What’s New in Windows 8.1 Update
Microsoft’s latest update to Windows 8.1 — which has now been officially christened Windows 8.1 Update — continues Microsoft’s efforts to file off the rough edges of the initial Windows 8 release. Although Microsoft won’t describe it as such, Windows 8.1 Update can be viewed as yet another step backwards from the touch-optimized initial Windows 8 release and a step towards satisfying the needs of mouse and keyboard users.
To that end, the bulk of the improvements in this update — which is slated to be officially released this Spring, despite some recent early leaks on the web — center largely around improving the desktop experience for users without touch hardware who rely mostly on mice and keyboards to get their work done.
Windows 8.1 Update: Improvements and Changes
Let’s take a look at a few of the major changes and improvements in this update, most of which were mentioned by Microsoft’s Joe Belfiore in a post on the Windows Phone blog during last week’s Mobile World Congress in Barcelona. Given that some of this information is preliminary and from multiple sources, please check back regularly as I update the article with newer and potentially more accurate information.
Boot to Desktop by Default: Windows 8.1 introduced the ability to enable booting to desktop as an option, but Tom Warren at The Verge is reporting that the latest build “…only boots to the desktop on non-touchscreen PCs by default.” This boot to desktop by default feature for keyboard and mouse users could go a long way to addressing some of the gripes that Petri IT Knowledgebase readers (and yours truly) have long had about Windows 8.
New Right-Click Context Sensitive Menus: A convenient feature for mouse and keyboard users is the ability to right-click on a UI element — such as the Windows desktop, the task bar, or other interface elements — and get a context-sensitive menu that provides additional options. While that functionality has always existed in the desktop mode of Windows 8/8.1, Paul Thurrott over at the Windows Supersite says that Microsoft is planning to a add that functionality to the Metro side of Windows 8.1.
Taskbar on the Start Screen: Another chance being discussed for this update is a change to how the desktop task bar behaves when switching between the desktop and Metro interfaces. In Windows 8.1, the task bar would vanish when you switched to the Metro-fied Start Screen. In Windows 8.1 Update, the taskbar remains onscreen when you switch to the start screen. I’ll try to add a photo and/or video of this functionality in action in the near future. Regardless, this change should also help PC desktop users accustomed to the traditional start menu and task bar feel at home.
Search and Power Buttons on the Start Screen: Microsoft is adding some icons to make shutting down and searching easier for desktop and mouse users, namely by adding power and search buttons to the upper right corner of the Metro start screen. I can tell from watching friends and family members using Windows 8 for the first time that simply shutting down the machine and searching for content are not that intuitive, so adding visual icons for these should be helpful.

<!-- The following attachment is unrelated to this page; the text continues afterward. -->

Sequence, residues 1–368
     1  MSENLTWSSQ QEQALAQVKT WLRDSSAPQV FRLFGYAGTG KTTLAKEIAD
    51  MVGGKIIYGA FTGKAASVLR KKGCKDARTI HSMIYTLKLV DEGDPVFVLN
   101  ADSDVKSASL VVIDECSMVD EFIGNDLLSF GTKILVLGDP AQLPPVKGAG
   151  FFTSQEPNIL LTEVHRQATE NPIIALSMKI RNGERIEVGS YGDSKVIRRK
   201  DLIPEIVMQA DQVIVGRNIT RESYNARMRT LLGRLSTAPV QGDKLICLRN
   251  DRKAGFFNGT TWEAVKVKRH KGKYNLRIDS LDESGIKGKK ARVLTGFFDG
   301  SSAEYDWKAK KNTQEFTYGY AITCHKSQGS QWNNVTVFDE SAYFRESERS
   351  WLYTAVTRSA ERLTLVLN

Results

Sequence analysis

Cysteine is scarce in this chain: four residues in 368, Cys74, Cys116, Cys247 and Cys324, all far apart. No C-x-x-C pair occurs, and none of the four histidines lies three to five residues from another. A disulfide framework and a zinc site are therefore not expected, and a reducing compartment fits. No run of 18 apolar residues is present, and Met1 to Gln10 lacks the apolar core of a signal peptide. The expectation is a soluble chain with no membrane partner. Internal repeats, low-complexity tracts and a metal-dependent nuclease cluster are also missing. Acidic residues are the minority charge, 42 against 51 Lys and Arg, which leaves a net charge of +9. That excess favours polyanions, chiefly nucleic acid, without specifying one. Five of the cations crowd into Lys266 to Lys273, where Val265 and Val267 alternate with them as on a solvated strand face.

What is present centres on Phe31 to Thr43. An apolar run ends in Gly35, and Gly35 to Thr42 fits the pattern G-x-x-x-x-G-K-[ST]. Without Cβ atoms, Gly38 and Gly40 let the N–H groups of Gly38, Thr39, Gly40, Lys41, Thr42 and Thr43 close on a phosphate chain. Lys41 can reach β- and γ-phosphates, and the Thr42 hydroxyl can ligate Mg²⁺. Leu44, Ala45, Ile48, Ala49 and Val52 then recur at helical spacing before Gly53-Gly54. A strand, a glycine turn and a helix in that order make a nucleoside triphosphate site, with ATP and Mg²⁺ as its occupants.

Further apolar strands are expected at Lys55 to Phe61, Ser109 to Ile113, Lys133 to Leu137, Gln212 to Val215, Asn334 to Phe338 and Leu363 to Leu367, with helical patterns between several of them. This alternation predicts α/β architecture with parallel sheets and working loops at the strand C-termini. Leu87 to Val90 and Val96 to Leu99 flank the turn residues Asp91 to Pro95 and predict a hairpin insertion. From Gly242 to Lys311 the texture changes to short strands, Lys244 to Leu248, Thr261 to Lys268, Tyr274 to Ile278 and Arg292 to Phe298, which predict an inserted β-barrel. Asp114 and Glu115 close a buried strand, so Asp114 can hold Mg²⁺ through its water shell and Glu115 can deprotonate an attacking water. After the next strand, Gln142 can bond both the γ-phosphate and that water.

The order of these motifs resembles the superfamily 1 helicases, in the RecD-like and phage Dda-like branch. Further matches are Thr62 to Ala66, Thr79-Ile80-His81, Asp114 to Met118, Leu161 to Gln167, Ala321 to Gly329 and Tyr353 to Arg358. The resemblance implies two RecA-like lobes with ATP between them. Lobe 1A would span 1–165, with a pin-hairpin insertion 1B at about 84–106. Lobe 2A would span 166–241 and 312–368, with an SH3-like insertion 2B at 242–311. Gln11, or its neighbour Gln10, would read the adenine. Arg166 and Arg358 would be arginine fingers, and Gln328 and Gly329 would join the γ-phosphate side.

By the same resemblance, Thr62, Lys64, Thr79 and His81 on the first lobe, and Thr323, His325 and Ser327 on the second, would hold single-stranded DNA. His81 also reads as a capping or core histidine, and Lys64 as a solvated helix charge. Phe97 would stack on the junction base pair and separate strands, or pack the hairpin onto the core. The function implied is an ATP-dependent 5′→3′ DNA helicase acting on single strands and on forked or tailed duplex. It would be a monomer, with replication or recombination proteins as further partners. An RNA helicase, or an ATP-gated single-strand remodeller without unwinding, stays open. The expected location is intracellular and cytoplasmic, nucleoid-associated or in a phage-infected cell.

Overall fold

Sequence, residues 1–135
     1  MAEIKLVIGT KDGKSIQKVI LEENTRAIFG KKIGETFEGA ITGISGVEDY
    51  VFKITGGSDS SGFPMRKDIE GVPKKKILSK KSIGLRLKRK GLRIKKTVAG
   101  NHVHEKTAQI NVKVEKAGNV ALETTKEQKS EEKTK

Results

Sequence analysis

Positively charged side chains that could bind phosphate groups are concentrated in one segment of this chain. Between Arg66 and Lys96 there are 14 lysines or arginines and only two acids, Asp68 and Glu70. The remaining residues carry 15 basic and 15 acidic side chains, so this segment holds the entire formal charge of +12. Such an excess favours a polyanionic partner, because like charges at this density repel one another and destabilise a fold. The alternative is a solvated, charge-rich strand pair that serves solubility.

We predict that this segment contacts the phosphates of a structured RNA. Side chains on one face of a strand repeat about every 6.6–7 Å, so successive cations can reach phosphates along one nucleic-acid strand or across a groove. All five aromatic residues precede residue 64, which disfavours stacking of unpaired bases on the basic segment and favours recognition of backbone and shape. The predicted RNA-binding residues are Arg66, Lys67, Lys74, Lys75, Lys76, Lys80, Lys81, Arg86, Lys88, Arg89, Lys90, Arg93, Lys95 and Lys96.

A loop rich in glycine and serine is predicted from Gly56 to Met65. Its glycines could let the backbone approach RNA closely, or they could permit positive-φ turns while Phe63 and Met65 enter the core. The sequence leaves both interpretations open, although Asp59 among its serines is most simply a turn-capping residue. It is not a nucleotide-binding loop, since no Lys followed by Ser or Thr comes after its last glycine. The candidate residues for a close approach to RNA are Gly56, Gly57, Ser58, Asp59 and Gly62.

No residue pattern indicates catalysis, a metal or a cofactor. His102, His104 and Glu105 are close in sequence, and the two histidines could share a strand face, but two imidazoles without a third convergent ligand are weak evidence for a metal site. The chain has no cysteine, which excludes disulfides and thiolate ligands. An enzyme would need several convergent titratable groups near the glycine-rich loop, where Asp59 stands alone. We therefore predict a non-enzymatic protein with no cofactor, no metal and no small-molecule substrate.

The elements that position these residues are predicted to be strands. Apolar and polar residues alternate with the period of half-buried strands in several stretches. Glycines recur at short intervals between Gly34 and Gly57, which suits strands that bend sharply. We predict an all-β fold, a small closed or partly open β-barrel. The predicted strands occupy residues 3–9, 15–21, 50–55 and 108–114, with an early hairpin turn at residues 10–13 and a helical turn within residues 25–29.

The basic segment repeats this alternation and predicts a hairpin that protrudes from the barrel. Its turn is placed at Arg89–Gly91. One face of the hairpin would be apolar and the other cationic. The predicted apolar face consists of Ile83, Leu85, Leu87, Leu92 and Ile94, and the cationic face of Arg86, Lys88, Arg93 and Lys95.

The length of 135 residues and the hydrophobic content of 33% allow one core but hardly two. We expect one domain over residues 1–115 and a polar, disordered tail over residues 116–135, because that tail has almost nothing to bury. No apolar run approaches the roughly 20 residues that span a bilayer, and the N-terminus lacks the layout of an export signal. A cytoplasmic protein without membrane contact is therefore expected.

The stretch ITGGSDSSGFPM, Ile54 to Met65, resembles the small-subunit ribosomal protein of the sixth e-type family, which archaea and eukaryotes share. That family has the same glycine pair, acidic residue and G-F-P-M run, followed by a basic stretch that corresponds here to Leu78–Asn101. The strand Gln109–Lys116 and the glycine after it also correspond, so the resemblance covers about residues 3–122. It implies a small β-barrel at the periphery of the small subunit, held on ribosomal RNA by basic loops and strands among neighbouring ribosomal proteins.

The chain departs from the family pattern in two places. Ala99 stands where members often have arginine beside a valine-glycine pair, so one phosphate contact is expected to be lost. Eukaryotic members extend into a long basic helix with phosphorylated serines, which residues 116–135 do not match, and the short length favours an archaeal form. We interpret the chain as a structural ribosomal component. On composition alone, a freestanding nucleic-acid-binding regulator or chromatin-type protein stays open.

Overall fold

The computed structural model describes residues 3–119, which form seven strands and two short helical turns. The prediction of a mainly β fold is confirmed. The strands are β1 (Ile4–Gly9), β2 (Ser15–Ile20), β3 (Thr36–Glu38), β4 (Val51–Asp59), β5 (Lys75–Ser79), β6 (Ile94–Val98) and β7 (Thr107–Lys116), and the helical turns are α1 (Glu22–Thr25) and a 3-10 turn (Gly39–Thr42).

Pin Metro Apps to Desktop Taskbar: Another area where I’ve seen users stumble when using Windows 8 is when trying to find and open Metro apps from the desktop side. It’s honestly a confusing mess, and Windows 8.1 Update should address this UI mistake as well. ZDNet’s Mary Jo Foley says that the update will give users the ability to pin Metro apps to the Windows 8.1 desktop task bar, which will make it much easier to access Metro apps from the desktop side.
Improved IE8 compatibility in Internet Explorer 11: Belfiore calls this new functionality out specifically in his post, saying that the Windows 8.1 Update release will enhance IE8 compatibility for Internet Explorer 11 users “…which is especially critical for web-based line of business applications.” ZDNet’s Mary Jo Foley has recently reported a bit on this feature in the past, which has been referred to as IE 11 ‘ enterprise mode.’
Cheaper Windows 8 partner licensing costs: Belfiore mentions that Microsoft will “…enable our partners to build lower cost hardware for a great Windows experience at highly competitive price points.” That can only mean that Microsoft plans to reduce the licensing costs that it charges hardware partners to
Improved mobile device management capability: Microsoft has steadily been building out the ability to more effectively manage mobile devices on the IT management and server side with impressive updates to Windows Intune and Microsoft System Center, so it was only logical that the company introduce additional hooks on the client side to facilitate easier management of Windows 8.1 and Windows Phone mobile devices on the client side. Belfiore didn’t spell out exact details about what these enhanced mobile device management capabilities will be, so we’ll update this section as more information is revealed.
Improved deployment options: Belfiore mentioned improved mobile device management and deployment options in the same sentence, and it’s clear that Microsoft is bending over backwards to streamline and optimize the deployment of Windows 8.1 into the enterprise. It’s been widely reported here and elsewhere that Windows 8 adoption in the enterprise is lagging, so anything Microsoft can do to make deployment easier for IT management should help their case.
So will all of the new features in Windows 8.1 Update finally get you to take the plunge and embrace Windows 8? If so, I’d love to hear from you. Drop me an email or touch base with me on Twitter, Google+, or Facebook (see below).
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